Power inverters are known from many fields in electrical engineering, more specifically from photovoltaic applications, but also from other alternative electricity generating appliances such as wind power plants and also biogas plants. Battery power inverters are further needed for providing, from a battery acting as the source of energy, an AC network for consumers that are not connected to the public mains. Such type power inverters serve to convert direct current into alternating current. For this purpose, switching elements, more specifically semiconductor components such as AC/DC converters, are needed and also, depending on the circuit topology, magnetic components such as transformers or chokes.

In order to reduce the weight of such type current converters, HF topologies with HF transformers are increasingly utilized in prior art. A plurality of power electronic conversion stages are thereby connected one behind the other. As a result, a plurality of power semiconductors needs to be cooled at various locations in the circuit. According to prior art, the semiconductors are e.g. disposed as modules on the underside of the associated printed circuit boards.

A power inverter, which has no housing though, is known from JP 11113267. The power inverter exhibits a stepped cooling body, each step comprising a power inverter bridge circuit. The bridge circuits are connected to a printed circuit board located thereabove. This reference does not disclose a space-saving configuration.

Power inverters are often utilized on the outside of buildings. This means that the housings must be weather- and water-proof. Such a weather-proof housing of a prior art power inverter is for example characterized in that the housing itself is hermetically sealed against environmental effects but that it has cooling ribs on its outer face. In order to prevent the components disposed in the housing, such as semiconductor components and also magnetic components such as transformers and chokes, from overheating, a fan is located in the housing for continuously circulating the air in the housing. The heat generated in operation of the power inverter is delivered to the ambient air via the housing and the cooling ribs disposed on said housing.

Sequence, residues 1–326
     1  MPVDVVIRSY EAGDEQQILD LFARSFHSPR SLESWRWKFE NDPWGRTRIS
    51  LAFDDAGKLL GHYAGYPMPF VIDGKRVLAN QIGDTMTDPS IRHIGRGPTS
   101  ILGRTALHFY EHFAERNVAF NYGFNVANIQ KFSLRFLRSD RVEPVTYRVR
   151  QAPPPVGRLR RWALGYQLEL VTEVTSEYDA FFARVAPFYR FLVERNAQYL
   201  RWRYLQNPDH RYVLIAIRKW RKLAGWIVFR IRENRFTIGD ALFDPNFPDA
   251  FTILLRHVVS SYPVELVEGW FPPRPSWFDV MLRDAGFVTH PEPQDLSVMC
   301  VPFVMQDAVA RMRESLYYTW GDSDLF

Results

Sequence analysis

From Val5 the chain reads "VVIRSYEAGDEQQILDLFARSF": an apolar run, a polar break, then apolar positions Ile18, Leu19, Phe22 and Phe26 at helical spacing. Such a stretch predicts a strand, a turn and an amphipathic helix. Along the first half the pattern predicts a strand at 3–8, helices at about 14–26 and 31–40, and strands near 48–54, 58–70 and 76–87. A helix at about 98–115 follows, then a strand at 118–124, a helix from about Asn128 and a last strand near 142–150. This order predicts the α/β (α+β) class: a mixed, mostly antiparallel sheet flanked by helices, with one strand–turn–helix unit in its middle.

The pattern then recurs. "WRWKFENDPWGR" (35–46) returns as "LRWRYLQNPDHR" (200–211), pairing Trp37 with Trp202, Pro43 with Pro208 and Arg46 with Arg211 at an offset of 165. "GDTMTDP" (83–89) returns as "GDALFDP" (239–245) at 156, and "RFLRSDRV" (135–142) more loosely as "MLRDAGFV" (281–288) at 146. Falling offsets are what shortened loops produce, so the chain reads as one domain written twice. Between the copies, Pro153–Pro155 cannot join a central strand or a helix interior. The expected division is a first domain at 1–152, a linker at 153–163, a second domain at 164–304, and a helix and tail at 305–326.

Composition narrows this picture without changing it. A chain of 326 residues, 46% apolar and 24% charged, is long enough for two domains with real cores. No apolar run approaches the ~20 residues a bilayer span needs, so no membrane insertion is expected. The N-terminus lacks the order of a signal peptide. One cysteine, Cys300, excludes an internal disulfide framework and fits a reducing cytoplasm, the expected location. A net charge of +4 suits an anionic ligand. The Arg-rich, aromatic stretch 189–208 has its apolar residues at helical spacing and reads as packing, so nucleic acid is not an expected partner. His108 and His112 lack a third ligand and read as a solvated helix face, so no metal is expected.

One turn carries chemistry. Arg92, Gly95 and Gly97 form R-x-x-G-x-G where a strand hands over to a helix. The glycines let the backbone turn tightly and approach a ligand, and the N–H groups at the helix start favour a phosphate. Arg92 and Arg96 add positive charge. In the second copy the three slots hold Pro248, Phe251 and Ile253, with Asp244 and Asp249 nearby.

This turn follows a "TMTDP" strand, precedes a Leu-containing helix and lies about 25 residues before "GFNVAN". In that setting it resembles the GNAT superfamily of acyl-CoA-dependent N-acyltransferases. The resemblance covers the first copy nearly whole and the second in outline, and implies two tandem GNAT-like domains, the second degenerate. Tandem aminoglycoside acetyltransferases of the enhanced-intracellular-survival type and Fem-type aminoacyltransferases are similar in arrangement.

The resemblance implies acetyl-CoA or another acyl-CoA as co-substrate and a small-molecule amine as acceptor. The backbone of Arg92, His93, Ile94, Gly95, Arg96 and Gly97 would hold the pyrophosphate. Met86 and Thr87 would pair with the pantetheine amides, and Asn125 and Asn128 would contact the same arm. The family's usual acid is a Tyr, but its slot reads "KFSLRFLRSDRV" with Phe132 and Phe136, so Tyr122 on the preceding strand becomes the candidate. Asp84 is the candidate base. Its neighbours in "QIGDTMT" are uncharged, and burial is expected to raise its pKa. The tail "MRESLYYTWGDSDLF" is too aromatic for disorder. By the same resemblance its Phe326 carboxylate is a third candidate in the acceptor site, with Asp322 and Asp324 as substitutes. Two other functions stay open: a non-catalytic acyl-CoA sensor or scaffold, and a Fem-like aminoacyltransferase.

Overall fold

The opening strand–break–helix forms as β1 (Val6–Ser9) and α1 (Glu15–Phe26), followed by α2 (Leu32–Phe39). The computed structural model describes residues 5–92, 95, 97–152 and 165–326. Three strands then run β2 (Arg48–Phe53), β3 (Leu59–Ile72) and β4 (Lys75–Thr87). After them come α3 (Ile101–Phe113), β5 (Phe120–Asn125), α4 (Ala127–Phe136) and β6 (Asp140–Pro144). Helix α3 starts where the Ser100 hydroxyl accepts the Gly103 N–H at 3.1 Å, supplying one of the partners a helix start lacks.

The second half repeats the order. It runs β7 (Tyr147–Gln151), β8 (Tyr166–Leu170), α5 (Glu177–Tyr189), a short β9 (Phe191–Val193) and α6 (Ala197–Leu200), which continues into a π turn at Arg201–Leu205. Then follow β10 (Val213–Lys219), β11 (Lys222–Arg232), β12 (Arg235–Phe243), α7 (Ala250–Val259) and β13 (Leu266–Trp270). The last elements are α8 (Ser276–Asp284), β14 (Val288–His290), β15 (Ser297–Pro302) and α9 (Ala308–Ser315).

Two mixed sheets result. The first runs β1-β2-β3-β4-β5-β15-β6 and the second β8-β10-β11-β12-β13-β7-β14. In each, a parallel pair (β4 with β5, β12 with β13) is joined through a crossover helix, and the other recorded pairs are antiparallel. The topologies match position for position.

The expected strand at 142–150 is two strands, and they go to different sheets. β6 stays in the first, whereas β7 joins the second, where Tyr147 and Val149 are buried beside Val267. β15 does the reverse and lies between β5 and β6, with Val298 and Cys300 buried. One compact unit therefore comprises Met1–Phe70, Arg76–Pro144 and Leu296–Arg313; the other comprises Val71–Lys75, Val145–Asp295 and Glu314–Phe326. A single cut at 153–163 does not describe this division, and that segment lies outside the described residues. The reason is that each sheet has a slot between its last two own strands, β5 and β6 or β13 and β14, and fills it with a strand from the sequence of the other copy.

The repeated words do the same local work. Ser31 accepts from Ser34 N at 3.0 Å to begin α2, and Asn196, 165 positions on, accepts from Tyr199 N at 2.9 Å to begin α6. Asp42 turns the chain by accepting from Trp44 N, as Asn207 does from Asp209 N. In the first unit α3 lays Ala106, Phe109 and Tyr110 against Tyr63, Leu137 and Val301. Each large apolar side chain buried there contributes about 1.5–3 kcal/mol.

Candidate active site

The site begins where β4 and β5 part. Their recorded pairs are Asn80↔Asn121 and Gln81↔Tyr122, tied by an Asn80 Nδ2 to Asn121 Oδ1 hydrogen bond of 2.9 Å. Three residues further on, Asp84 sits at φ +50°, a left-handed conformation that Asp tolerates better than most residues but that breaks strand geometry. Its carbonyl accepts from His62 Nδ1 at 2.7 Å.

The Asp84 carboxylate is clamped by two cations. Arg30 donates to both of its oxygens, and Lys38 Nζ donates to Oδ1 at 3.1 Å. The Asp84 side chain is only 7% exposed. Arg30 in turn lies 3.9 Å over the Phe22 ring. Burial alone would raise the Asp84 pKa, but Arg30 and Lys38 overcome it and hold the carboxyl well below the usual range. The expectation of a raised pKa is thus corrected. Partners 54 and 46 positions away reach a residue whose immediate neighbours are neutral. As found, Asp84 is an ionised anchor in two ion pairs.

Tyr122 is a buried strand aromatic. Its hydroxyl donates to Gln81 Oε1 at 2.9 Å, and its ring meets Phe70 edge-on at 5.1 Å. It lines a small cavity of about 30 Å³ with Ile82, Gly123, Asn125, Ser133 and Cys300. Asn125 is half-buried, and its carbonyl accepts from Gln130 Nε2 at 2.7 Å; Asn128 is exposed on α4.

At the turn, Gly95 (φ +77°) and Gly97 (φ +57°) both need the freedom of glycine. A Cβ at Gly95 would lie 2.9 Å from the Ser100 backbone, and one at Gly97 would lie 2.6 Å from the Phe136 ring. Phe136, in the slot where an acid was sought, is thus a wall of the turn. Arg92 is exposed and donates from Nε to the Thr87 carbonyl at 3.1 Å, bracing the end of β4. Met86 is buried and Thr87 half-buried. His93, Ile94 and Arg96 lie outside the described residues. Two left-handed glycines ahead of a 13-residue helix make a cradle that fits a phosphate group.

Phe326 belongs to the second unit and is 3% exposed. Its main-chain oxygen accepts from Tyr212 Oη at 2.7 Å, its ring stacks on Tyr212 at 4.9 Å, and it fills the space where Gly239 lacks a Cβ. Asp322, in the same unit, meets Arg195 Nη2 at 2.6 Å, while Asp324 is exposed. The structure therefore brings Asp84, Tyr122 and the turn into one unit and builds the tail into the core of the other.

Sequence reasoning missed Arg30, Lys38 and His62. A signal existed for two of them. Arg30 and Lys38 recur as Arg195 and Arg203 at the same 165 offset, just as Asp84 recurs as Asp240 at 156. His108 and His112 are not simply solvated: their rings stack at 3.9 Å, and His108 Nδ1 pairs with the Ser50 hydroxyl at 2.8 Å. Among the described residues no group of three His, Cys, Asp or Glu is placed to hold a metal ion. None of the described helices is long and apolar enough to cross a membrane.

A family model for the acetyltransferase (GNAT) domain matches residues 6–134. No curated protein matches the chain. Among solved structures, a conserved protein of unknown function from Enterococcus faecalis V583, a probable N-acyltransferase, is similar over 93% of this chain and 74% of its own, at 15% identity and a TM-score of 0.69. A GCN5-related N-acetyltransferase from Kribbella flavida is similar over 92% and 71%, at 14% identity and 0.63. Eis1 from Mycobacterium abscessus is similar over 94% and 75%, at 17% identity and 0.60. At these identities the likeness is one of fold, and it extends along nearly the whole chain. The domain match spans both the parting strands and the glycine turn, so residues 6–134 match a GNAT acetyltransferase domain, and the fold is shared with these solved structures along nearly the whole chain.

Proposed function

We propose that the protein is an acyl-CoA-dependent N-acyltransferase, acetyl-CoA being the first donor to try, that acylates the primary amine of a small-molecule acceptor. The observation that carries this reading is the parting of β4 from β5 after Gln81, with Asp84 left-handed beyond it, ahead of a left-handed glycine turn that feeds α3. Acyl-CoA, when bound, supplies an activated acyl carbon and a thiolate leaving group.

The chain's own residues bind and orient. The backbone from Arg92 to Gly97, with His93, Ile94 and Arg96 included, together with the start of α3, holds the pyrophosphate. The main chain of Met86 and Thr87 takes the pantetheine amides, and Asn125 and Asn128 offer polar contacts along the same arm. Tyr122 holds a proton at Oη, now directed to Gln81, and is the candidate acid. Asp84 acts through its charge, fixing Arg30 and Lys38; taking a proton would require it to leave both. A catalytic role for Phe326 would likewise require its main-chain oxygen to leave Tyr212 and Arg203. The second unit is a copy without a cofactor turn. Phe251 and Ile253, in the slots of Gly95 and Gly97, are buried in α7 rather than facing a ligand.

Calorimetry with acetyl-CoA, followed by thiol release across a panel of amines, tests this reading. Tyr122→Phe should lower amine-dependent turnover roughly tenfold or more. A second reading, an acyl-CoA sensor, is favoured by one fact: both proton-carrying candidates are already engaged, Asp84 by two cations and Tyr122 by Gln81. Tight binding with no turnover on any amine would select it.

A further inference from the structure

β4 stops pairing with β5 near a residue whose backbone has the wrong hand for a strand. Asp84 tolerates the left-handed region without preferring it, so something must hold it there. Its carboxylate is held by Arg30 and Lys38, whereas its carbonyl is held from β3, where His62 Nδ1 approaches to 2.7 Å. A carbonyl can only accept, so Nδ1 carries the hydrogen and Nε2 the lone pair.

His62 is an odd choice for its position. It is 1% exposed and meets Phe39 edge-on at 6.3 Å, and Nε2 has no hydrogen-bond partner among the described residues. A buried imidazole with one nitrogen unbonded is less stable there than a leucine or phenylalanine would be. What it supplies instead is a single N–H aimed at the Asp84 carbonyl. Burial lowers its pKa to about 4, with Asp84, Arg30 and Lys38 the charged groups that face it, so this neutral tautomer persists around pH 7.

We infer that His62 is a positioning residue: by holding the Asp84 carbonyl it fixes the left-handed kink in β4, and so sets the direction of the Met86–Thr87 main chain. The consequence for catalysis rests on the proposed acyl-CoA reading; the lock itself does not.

Such a power inverter architecture has various disadvantages; cooling in particular is only conditionally sufficient, this causing,the power inverter to switch off prematurely because of overheating, in particular when the outside temperatures are high. Furthermore, a fan is a part that is subject to wear. Since the cooling ribs are disposed about the entire circumference of the housing, the housing side turned toward the operator also becomes very hot so that there is a risk of damage to the operator. The heat developing in the components disposed in the current inverter housing is particularly relevant when they operate in the low frequency range. The reason therefore is that they need a big transformer, which generates heat in an amount corresponding to its size, this heat having eventually to be delivered to the outside via the housing.

Furthermore, such type low-frequency power inverters are quite voluminous, so that there is a need for additional space for mounting them to a housing part.

Other prior art power inverters with HF topology comprise one or more printed circuit boards on which a plurality of side-by-side semiconductors are cooled by a cooling body. The disadvantage of such architecture is that it has a large base area.

BRIEF SUMMARY OF THE INVENTION

It is therefore the object of the invention to provide a housing of a power inverter that is weather- and more particularly water-proof, needs a small base area whilst still allowing for sufficient cooling of the components of the power inverter, even at high outside temperatures. The advantage of a small base area is that only a small wall area is needed for hanging the inverter in an electrical service room. Also, touchable housing parts must not become hot. Meaning, it is intended to provide a housing of a power inverter that combines actually completely different construction principles, namely a compact construction and optimum cooling.